The United States is losing its lead in renewable energy to other nations, says the head of that country’s major solar laboratory.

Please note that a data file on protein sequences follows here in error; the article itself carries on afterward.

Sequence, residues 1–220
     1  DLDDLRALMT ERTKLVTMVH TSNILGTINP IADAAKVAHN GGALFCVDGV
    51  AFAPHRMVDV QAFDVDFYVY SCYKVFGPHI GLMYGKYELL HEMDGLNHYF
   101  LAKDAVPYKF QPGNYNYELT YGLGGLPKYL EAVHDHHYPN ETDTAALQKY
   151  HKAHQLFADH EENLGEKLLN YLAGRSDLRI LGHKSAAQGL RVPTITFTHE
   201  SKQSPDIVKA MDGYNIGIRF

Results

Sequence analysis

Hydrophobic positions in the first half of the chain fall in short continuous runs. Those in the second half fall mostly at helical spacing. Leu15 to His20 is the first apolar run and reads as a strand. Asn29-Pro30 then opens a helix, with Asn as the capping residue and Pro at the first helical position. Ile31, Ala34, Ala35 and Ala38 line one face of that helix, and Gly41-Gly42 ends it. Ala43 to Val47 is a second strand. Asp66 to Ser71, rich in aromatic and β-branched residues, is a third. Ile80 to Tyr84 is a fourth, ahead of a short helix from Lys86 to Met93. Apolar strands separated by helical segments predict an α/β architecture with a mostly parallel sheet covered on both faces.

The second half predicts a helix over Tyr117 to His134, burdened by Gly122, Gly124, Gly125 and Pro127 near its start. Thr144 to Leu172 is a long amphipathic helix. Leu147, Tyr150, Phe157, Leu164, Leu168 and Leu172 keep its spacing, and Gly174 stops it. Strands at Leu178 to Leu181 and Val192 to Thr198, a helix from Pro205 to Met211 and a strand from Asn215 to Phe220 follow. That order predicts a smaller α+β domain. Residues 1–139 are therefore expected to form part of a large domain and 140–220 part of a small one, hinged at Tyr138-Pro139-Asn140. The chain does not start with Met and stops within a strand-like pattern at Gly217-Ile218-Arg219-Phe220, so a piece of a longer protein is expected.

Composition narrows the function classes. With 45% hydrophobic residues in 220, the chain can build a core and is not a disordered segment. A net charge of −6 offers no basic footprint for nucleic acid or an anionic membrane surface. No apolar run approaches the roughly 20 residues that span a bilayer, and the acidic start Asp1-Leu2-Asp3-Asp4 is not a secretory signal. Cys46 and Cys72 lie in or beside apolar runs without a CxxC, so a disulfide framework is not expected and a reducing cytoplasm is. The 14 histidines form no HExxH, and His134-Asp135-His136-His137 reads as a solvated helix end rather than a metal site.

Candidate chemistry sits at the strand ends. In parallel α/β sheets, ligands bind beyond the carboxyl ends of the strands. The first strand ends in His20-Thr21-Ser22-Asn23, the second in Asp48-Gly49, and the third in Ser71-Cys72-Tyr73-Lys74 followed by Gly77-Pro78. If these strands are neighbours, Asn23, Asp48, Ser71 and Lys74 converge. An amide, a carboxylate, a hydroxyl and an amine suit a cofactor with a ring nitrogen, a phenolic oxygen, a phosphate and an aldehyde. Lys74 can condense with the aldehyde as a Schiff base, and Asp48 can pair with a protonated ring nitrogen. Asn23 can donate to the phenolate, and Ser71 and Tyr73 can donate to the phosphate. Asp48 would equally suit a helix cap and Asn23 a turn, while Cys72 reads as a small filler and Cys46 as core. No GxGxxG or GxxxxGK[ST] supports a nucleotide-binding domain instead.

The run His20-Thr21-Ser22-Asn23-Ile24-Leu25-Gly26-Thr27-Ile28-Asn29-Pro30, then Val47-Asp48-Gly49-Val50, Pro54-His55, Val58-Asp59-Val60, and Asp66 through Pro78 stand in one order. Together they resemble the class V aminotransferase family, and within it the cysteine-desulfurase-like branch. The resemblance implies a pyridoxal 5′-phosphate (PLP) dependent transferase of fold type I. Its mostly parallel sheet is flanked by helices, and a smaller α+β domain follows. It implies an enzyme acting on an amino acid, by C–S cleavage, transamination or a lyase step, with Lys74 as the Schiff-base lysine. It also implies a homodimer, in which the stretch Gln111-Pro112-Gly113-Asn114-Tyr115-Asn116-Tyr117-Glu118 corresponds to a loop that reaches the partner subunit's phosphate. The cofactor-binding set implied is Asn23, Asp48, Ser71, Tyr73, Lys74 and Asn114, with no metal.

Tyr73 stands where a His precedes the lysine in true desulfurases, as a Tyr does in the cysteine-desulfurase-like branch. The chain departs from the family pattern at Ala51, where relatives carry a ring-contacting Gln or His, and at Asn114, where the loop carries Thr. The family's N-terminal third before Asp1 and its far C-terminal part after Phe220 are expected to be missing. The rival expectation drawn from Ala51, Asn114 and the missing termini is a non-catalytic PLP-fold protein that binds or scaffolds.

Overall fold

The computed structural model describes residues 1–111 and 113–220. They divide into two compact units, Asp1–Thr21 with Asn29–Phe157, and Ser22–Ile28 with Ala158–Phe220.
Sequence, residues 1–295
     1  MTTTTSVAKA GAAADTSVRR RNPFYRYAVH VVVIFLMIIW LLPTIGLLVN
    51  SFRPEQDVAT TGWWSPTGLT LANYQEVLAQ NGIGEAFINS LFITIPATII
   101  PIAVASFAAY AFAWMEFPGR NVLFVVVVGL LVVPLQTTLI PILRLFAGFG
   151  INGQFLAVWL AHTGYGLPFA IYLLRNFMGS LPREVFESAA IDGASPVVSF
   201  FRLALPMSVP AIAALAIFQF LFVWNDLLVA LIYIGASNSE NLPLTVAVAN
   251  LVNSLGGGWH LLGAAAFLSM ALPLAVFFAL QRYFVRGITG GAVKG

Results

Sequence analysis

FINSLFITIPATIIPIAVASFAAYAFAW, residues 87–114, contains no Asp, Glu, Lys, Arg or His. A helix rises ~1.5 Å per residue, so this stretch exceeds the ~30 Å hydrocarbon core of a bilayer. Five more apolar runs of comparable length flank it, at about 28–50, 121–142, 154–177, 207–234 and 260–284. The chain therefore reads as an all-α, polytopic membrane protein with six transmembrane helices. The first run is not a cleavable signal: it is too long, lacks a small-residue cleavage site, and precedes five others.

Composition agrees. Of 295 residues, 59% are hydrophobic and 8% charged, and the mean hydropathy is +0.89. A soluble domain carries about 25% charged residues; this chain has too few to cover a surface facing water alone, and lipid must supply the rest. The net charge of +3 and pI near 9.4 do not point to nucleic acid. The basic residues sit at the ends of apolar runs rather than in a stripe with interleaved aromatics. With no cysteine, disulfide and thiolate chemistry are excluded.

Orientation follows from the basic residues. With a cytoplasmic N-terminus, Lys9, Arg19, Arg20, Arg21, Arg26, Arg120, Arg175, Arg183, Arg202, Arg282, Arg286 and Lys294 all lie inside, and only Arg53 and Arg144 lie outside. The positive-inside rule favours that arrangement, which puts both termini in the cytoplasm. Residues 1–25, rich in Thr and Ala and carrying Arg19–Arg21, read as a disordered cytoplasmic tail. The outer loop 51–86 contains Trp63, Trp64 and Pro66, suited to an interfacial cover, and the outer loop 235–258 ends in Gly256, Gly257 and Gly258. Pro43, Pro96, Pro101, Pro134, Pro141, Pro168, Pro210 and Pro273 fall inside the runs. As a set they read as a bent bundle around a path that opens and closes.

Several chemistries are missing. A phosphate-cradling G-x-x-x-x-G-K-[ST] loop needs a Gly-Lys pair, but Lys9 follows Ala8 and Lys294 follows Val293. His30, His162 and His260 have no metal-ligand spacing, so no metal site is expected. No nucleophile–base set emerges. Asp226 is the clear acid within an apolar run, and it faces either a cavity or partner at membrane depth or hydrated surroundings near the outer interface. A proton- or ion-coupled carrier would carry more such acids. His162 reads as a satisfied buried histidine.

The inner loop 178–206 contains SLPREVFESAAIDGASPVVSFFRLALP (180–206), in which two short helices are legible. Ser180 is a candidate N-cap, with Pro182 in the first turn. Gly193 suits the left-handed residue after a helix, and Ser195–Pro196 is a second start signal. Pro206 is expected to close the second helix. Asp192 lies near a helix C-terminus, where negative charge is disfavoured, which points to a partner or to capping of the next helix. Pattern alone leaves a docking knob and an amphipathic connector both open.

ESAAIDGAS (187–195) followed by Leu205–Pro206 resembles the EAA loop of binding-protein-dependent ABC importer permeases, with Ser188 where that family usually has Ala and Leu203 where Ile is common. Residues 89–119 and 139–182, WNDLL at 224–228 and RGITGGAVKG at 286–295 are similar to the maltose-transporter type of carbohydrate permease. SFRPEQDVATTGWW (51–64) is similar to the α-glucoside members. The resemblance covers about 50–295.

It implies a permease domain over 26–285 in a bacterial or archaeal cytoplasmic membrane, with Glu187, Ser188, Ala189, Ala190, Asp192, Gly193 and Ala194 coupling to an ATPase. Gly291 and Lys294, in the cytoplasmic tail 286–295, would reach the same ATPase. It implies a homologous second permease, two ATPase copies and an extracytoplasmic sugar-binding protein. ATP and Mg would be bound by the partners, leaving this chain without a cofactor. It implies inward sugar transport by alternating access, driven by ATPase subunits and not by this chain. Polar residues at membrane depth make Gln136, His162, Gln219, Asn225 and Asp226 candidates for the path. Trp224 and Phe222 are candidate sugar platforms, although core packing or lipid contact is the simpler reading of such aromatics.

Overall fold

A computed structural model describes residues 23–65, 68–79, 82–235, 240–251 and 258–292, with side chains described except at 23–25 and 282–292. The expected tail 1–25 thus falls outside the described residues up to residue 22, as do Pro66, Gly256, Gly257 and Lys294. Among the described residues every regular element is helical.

LONDON, England, UK, 2001-05-22 <SolarAccess.com> “Strong industrial competitors like Germany and Japan are implementing environmental policies, tax and other incentives, export assistance, and other actions to create renewable energy businesses and markets at home and in developing countries,” says Richard Truly, head of the National Renewable Energy Laboratory in Colorado. “Eight European countries now have higher percentage contributions from non-hydro renewables than the USA whereas, in 1990, only one country did.” “Not that many years ago, the USA was ahead in nearly all renewable energy technologies in terms of total domestic capacity installed, market share and number of companies involved,” he says in an opening presentation on the World Energy Council online conference, EnergyResource2001. “We are quickly falling behind in each of these measures and losing the leadership role in moving the world to a sustainable energy future.” The United States is facing an energy crisis that will bring “sharply rising energy costs, power shortages and the resulting human and financial hardship,” but he adds that this crisis offers a “new opportunity” to break from the status quo of avoiding “new and bold steps” to make renewable energy a “pivotal part” of national energy policy, with “another lost opportunity” similar to the 1970 oil crisis. “Or, we could recommit the country to a stable, long-term national R&D program and craft the policies necessary for energy efficiency and renewable energy to fulfil their promise – to help assure the nation and the world a future of clean, safe and inexhaustible energy,” he explains. “That’s the path we favour, and the one the scientists and engineers at the National Renewable Energy Laboratory are working hard to achieve.” Twenty-eight years ago, the OPEC crisis resulted in supply problems and the United States responded by introducing the premise that renewable energy “held the promise of an unlimited supply of affordable, clean, reliable and secure energy,” he says. “Expectations were high and the realization seemed near but, today, nearly three decades later, the promise of energy efficiency and renewable energy remains largely unfulfilled.” The U.S. depends on other countries for more than half its oil, at a cost of $60 billion every year, and this level will jump to 61 percent by 2010. Population growth and economic development around the world are increasing energy demand and total world energy use is expected to double by 2025 and quadruple by 2100. “This is the best opportunity we have had in nearly 30 years to define a new vision that balances in a more appropriate way the need for energy efficiency and renewable energy as part of a national energy policy,” he says of the current crisis. “The question is: are the technologies and markets ready, and are the policies in place, for renewable energy to fulfil its promise?” Truly says two prerequisites are needed to allow renewables to meet demand: “we must recommit the nation to a stable and long-term national energy R&D program, including renewable energy and energy efficiency, and second, we must create a pathway into the future for the adoption of these technologies with a consistent set of policy actions that build self-sustaining businesses and markets for the technologies.” “Renewable energy and energy efficiency are poised to play a big role in providing these new energy products and services and to help address a number of our nation’s pressing energy problems,” he adds. “”It has always taken many decades for technologies to develop, for markets to grow, and for policies to evolve for any new kind of energy to blossom.” Wind electricity is one of the “big renewable energy success stories of the past 30 years,” he explains, and now is the fastest growing energy in the world with cost reductions of 80 percent and a promise of 2.5c/kWh within two years. “Our chances of hitting that goal are seriously jeopardized if we don’t continue to make the necessary investment at this critical moment of the technology’s evolution,” he adds, noting the 1.5 MW turbines under development by Enron Wind and the 750 kW unit from the Wind Turbine Company. “Twenty years ago, PV was a curiosity confined to the privileged realm of astronauts and satellites; now, it is coming to earth with a vengeance, with the ability to power an unparalleled variety of electric power applications,” he says. More than 360 MW of solar panels will be shipped this year, an increase of 42 percent over last year, “but this is merely a drop in the bucket compared to what is coming.” “There is no question that markets are growing – and growing rapidly – for renewable energy, here in the United States and around the world,” he adds. “The transition to renewable energy is inevitable, not because fossil fuels will run out, but because the costs and risks of using these supplies will continue to increase relative to renewable energy.” “Every administration and Congress has had a different set of national goals, R&D investment levels and policy actions for developing these technologies,” he concludes. “This history of erratic R&D budgets and mixed, sometimes inconsistent, policy signals has prevented the very creation of self-sustaining renewable energy businesses and markets.” The EnergyResource2001 conference is sponsored by the World Energy Council, RMR of Britain and EUFORES (European Forum for Renewable Energy Sources), and will be staged exclusively on the Internet. Last year’s conference attracted 11,000 delegates from around the world. New presentations will be made every day until June 1, after which time the conference will then remain online for one year to allow delegates to review the papers.